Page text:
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Nobody was listening

Concerns over teacher's drama classes were ignored, says commissioner. Karen Thornton reports

Called "Johnny lickers" by pupils and "drama poofs" by some teachers, the clique of John Owen's favoured students adored and feared their charismatic teacher in equal measure.

But Owen, says children's commissioner Peter Clarke, was using drama at Ysgol Gyfun Rhydfelen, Pontypridd, as a "vehicle for improper activity with children", by the "consistent introduction of sexual themes into texts, practicals, and practical exams".

One of his key recommendations is for practical guidance on how drama is taught and examined in schools, which expressly deals with sexual content and language, intimate physical contact and nudity.

Like sport, drama is a subject that can enrich children's lives and boost their confidence - but it also leaves them vulnerable to abuse, and practitioners need to catch up on the work done on child protection by their colleagues in PE, says Mr Clarke.

His report, on allegations of abuse at the school, is disturbing. A sixth-form girl described hearing another student refuse Owen's direction that she masturbate a male classmate; another testified that Owen prodded with a stick the private parts of girls who had been asked to blindfold themselves and lie down on the floor with their legs apart.

Owen himself admitted getting two 13-year-old boys "to dance naked during a rehearsal, in a dance that some witnesses described as 'simulated buggery'".

But Owen was left unchecked by senior teachers, despite concerns raised by some about his bullying of pupils, and bullied and belittled his younger and less experienced head of department.

Some external GCSE drama examiners halted practicals because of their concerns. But when they reported inappropriate material, such as the use of swear words, to the Welsh Joint Education Committee (WJEC) they were treated "shabbily".

One never examined for the board again, and the WJEC never collated the reports or passed them to police or social services. Worse still, when some of Owen's victims eventually found the courage to make statements against him, they were verbally abused by one teacher loyal to Owen, and physically intimidated by another - who had been in a relationship with him.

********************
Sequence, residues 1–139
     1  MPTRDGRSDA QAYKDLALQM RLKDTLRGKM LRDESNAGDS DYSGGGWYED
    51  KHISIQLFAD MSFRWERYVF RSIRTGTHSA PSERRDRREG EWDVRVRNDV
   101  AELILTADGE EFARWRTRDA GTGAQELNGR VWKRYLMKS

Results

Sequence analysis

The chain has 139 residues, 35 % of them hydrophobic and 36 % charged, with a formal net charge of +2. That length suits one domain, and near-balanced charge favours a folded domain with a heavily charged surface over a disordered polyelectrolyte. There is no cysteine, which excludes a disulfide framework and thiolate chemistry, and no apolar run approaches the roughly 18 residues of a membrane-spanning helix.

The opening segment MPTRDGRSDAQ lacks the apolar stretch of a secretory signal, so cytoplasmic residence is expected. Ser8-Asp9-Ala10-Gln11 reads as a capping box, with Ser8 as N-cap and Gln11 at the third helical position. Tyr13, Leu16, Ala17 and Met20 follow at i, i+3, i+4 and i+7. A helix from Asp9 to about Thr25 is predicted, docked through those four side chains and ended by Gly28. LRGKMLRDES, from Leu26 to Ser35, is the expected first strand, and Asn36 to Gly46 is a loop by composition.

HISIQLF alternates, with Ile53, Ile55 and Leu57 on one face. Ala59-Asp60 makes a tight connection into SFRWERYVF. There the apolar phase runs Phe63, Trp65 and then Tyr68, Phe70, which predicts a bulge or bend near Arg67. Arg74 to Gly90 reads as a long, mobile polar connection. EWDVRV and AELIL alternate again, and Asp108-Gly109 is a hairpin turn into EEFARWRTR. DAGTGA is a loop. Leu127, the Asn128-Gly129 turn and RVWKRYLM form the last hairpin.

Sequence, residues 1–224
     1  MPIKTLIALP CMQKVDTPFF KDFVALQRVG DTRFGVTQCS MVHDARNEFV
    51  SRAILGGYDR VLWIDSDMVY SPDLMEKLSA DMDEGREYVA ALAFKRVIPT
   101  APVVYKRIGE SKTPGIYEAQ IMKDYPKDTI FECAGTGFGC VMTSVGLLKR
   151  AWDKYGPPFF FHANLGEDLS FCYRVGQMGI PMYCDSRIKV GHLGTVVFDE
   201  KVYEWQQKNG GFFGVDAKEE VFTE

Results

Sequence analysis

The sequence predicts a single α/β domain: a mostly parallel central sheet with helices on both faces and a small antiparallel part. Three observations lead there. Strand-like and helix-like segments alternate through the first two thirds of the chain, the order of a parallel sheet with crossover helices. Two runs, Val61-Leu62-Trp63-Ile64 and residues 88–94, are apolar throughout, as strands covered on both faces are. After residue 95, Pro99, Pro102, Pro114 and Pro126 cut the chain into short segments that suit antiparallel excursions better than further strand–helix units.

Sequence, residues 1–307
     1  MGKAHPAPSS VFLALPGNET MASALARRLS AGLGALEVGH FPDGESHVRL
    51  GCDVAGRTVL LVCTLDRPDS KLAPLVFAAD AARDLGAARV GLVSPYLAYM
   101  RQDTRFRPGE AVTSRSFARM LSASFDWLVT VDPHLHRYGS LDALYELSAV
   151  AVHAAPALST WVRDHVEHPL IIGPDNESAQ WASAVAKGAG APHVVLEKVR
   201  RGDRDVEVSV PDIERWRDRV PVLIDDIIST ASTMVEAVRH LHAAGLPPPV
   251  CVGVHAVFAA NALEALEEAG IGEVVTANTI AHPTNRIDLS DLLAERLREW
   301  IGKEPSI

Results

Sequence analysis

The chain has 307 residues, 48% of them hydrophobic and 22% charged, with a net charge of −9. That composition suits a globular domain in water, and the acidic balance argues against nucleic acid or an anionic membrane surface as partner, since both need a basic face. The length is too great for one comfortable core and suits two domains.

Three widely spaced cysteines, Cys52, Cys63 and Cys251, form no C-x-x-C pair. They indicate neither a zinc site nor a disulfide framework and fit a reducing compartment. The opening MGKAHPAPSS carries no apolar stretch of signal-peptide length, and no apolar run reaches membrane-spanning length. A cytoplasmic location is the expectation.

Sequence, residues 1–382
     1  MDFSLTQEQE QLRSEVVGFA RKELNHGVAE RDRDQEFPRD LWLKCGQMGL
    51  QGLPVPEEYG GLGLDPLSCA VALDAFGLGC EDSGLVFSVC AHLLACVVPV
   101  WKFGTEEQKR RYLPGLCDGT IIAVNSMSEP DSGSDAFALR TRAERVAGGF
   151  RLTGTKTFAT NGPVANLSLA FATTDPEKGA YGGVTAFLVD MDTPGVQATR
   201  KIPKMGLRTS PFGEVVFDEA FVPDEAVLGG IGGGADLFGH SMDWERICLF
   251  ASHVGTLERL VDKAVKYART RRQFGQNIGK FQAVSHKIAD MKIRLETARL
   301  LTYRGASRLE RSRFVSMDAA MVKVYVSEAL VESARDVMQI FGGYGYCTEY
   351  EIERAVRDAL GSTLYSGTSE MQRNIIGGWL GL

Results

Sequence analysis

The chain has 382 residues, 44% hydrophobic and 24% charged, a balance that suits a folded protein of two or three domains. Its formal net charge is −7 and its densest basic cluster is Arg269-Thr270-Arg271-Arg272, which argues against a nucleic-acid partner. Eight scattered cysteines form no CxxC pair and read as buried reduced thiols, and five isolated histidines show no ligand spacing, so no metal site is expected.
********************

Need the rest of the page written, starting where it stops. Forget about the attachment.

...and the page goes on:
One pupil was driven from the school as a result. The rest were left largely unsupported after Owen resigned.

Peter Clarke blames Mid Glamorgan education authority's handling of the 1991 investigation for some of the divisions within the school. Pupils, parents, governors and teachers were left in the dark about the serious nature of the allegations against Owen because of what was effectively a cover-up by the LEA - and Owen was free to continue working with children after his resignation.

In the "bleak landscape" of the evidence presented at Clywch, there was one beacon: the "professionalism and moral courage" shown by acting head Hywel Jeffreys and four senior colleagues.

In 1991, they took statements from pupils and signed a four-page memorandum detailing their serious concerns about Owen, which was passed to the LEA.

Mr Clarke also praises Mrs Lynn Phillips, mother of one of the sixth-formers, who was "tenacious and thorough" in her complaints to the school, the WJEC and the LEA in 1991.

But the protection of children cannot be left dependent on the existence of future Mrs Phillips. So, within three months, the children's commissioner wants every child in Wales to have been informed of the support available to help them via services such as ChildLine, and for LEAs to have identified a child protection teacher in every school.

He also calls for an independent counselling service for children, the creation of LEA child protection officers responsible for schools, and whistle-blowing policies in every school.

Jane Davidson, education and lifelong learning minister, said the Clywch report was deeply disturbing. She has accepted its broad themes and promised a full response to it and a Welsh Assembly debate immediately after the summer recess.

Key recommendations

* Four independent tribunals chaired by lawyers to hear serious allegations of abuse against teachers.

* Review of examining boards' child protection policies.

* Whistle-blowing policies in every school.

* Initial and in-service training for teachers on identifying abusers and child protection.

* Independent counselling service for children.

* Children to be informed of work of organisations like ChildLine.

* Child protection co-ordinators with special responsibility for schools in every local education authority, and LEAs to lead investigations.

* A teacher and governor in every school responsible for child protection to be identified.

* Child protection policies for Welsh media.

* Practical guidance on how drama is taught and examined.

* Review of personal and social education.

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